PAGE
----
Sunday, September 09, 2007

Perspective: A different duty for the guardians of the U.S. coast

Above: A 'visit, board, search and seizure' (VBSS) team member attached to the guided-missile destroyer USS Preble patrols with an M240 machine gun mounted on the front of the ship's rigid hull inflatable boat in Iraqi territorial waters in June.

From Iraq's offshore oil platforms to the coastlines of the Northern Arabian Sea and East Africa, the US Coast Guard has a quiet role in defending vital infrastructure and training local navies and police forces to better defend their sea boarders.

For the last several years, the involvement of Coast Guard cutters and sailors has focused on supporting the war effort in Iraq and carrying out maritime security operations (MSO) alongside coalition navies to deny terrorists and smugglers maritime access.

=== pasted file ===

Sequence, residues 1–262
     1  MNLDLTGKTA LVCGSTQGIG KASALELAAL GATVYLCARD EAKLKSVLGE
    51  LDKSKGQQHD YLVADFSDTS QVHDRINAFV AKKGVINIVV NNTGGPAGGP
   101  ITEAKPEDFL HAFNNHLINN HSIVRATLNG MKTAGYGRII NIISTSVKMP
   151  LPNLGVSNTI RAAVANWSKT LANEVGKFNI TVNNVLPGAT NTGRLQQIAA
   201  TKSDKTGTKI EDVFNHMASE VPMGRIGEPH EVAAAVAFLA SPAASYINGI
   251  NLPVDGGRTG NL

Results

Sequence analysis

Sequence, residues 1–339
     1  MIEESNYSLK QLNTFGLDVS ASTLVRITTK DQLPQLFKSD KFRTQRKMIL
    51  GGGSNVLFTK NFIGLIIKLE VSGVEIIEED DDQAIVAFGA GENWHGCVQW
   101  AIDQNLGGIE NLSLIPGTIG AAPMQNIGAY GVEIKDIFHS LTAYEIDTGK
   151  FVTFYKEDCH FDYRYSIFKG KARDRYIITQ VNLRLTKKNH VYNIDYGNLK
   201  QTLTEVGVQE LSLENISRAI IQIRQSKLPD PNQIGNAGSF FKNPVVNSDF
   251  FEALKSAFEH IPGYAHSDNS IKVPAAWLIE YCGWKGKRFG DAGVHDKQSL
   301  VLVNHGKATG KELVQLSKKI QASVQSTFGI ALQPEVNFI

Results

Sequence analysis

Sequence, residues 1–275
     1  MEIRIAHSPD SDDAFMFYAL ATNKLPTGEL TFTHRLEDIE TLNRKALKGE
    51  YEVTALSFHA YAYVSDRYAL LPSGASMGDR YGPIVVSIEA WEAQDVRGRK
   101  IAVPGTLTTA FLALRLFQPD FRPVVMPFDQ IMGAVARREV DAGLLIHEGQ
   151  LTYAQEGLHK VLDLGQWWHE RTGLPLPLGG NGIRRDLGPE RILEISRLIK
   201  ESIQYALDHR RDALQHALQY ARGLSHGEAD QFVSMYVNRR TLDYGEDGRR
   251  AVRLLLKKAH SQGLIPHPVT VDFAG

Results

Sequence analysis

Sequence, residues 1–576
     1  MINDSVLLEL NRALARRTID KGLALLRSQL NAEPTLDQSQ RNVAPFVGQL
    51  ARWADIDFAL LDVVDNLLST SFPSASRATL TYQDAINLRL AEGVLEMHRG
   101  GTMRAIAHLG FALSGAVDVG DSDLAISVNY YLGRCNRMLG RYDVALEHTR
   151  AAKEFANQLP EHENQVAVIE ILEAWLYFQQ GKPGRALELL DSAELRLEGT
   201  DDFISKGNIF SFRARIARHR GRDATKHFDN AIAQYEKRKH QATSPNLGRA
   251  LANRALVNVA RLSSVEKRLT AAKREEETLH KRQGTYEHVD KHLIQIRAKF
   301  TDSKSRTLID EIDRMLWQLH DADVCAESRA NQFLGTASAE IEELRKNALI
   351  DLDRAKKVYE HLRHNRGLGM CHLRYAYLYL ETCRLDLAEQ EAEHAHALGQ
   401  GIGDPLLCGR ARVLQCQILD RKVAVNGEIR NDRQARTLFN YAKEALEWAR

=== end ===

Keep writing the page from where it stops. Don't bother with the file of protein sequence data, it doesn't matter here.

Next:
At home in the United States, by the service's own count, the Coast Guard saves 14 lives every day. On a daily basis in and around US waters, it averages 123 people assisted in distress, 22 illegal migrants interdicted at sea, responds to 12 oil or chemical spills, conducts 78 search-and-rescue cases, seizes 8.4 million dollars worth of illegal drugs, and administers 21 commercial vessel examinations.

But far from home, the most visible war effort for the Coast Guard has been the protection of the Iraqi Khawr al-Amaya Oil Terminal and al-Basrah Oil Terminal, where they have maintained a presence of five to six cutters to help enforce the security zones around the platforms.

Read the rest at the Digital Journal